Health and Social Care Workers: Recognition and Reward

Part of the debate – in the House of Commons at 1:38 pm on 25th June 2020.

Alert me about debates like this

Photo of Alex Davies-Jones Alex Davies-Jones Labour, Pontypridd 1:38 pm, 25th June 2020

I rise to speak on behalf of the 434 residents in the Pontypridd constituency who have signed the petitions relating to the recognition and reward of health and social care workers. It is clear that the creation of the NHS is undoubtedly the Labour party’s greatest ever achievement and one which I will always personally champion. I hope colleagues on all Benches will indulge me as I also use today’s debate to celebrate the 20th birthday of NHS Direct Wales, which is taking place this week.

It is all too easy to reduce the NHS workforce to doctors and nurses, but given that there are around 400 different job roles in our NHS, it is important that all NHS staff are given the credit they deserve for their incredible work all year round. Among many others, the porters, cleaners, caterers, healthcare assistants, allied health professionals and the many invaluable volunteers who give up their free time truly are the unsung heroes of our NHS. The coronavirus pandemic has provided a unique opportunity to truly show our thanks and appreciation. Call me old-fashioned, but I am not sure that a handclap or a medal quite cuts it. I wonder whether the Minister would be satisfied with a handclap or a pat on the back instead of receiving her additional ministerial salary—something tells me the answer is no.

Naturally, as a proud Welsh valleys woman, it would be wrong—rude, even—for me not to take the opportunity today to highlight how different things are across the border thanks to the fantastic Welsh Labour Government. As my hon. Friend Gerald Jones said, the Welsh Labour Government are leading the way in the response to the coronavirus pandemic. They say that where Wales leads, England follows, and I am more than inclined to agree.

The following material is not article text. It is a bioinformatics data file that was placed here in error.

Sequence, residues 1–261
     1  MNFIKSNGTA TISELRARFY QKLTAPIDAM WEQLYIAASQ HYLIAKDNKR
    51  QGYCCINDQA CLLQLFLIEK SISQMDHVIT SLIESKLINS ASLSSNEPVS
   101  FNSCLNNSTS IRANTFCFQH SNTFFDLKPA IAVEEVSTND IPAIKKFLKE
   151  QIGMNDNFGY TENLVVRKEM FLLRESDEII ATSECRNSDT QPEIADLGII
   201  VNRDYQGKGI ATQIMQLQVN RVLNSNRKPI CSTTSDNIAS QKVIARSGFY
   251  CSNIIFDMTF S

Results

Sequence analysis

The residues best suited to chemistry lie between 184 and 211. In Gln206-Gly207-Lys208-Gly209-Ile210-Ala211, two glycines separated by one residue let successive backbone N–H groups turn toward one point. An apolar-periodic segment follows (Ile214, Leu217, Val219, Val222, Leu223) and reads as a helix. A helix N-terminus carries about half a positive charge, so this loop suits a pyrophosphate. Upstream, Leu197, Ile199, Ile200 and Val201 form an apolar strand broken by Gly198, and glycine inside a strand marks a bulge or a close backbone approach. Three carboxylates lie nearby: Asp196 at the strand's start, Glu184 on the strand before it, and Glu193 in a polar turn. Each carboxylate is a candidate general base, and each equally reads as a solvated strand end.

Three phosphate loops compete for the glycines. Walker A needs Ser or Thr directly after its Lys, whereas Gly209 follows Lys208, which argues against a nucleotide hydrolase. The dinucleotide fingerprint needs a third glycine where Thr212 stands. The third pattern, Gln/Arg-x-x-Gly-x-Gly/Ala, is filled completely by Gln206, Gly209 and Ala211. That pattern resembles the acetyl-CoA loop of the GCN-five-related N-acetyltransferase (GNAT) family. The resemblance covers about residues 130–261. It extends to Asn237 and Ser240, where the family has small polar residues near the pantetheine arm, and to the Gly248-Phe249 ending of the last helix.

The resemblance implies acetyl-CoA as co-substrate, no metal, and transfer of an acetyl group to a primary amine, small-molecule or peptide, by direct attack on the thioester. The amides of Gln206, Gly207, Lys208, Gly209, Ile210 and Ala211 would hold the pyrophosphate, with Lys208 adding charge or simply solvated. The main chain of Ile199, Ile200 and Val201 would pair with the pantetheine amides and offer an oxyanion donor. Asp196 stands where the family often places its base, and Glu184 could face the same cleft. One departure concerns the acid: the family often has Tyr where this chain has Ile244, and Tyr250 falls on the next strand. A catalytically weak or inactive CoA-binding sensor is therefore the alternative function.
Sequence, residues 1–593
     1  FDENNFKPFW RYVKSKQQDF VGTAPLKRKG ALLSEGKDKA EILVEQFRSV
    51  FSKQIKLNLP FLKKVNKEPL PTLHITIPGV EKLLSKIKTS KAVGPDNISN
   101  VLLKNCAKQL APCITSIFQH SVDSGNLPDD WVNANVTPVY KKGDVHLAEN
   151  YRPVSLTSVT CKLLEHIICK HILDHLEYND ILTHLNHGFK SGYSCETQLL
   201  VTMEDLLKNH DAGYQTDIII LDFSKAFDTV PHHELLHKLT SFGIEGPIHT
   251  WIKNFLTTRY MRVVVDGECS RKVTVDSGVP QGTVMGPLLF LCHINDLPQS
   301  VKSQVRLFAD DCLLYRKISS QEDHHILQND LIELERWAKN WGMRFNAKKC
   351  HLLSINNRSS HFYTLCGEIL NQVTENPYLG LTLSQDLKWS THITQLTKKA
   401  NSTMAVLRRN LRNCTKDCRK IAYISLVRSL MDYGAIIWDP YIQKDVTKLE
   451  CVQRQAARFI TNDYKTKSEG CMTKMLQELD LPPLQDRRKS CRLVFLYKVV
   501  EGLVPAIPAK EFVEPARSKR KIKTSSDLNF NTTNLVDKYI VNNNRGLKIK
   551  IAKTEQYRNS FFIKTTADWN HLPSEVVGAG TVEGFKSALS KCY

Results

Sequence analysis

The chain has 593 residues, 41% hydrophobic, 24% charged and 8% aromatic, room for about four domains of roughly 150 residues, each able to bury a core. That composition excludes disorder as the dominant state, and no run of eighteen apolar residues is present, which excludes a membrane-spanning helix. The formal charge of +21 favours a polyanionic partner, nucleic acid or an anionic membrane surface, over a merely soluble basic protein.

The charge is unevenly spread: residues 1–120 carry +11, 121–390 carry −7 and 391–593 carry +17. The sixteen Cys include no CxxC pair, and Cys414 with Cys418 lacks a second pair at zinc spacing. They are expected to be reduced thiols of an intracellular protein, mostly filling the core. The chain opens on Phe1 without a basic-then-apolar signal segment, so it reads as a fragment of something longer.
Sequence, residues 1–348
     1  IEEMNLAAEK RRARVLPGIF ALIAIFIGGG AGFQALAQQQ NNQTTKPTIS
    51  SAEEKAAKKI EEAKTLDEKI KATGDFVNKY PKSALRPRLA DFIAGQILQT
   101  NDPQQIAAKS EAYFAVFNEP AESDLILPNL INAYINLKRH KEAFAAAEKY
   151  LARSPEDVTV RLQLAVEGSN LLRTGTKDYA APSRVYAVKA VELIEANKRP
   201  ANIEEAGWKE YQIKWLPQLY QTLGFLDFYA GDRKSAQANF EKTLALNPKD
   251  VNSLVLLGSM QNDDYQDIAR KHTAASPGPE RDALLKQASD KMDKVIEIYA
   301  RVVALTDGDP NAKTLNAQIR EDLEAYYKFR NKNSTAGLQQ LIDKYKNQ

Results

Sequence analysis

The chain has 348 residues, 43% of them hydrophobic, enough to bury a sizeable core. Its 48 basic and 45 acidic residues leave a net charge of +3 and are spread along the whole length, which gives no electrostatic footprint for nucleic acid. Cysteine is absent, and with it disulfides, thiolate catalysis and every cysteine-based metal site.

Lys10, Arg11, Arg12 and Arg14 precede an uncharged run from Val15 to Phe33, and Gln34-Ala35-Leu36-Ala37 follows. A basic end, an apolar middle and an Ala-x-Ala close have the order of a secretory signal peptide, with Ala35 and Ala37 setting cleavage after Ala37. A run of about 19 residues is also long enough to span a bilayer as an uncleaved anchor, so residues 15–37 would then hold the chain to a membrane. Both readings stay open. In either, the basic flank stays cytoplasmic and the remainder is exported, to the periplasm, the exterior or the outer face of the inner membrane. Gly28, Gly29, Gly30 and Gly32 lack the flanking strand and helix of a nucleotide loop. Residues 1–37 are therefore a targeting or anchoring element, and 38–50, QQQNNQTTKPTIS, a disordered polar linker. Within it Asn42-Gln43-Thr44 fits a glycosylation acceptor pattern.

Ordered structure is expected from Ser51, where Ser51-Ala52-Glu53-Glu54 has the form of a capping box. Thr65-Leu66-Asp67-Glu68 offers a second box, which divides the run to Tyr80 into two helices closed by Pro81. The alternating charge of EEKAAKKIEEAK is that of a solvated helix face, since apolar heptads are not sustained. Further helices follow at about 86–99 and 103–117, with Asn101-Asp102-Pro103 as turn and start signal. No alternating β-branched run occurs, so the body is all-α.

Thanks to the Welsh Labour Government, social care and domiciliary care workers in Wales, including agency workers, and support staff in care homes such as kitchen workers and cleaners will soon receive a diolch or thank-you payment of up to £500—a payment that will be available to 64,600 care home workers and domiciliary care workers throughout Wales. That comes after the Welsh Labour Government have already pledged to commit an incredible £40 million of extra funding for adult social care services, to help meet the extra costs associated with the response to the pandemic.

Clearly, that payment is a reward in recognition of the unprecedented circumstances and strain that have been placed on all our NHS staff across the Union, from Pontypridd in south Wales to Perth in Scotland. It is even clearer to me that this payment should be exempt from income tax and national insurance contributions—something that the Welsh Labour First Minister and colleagues in the House have been calling for. So far, Her Majesty’s Treasury has point-blank refused—talk about a kick in the teeth for workers who have literally put their lives on the line to keep us all safe. NHS workers in Pontypridd and throughout Wales deserve better.

Colleagues will be aware that, thanks to another fantastic Labour-led campaign, the Prime Minister was forced to U-turn again this week. He is running in circles. If the Minister needs any information on Wales and how we can best tackle the coronavirus pandemic, I am more than happy to offer my services; she knows where to find me. I hope that where Wales leads, England will follow.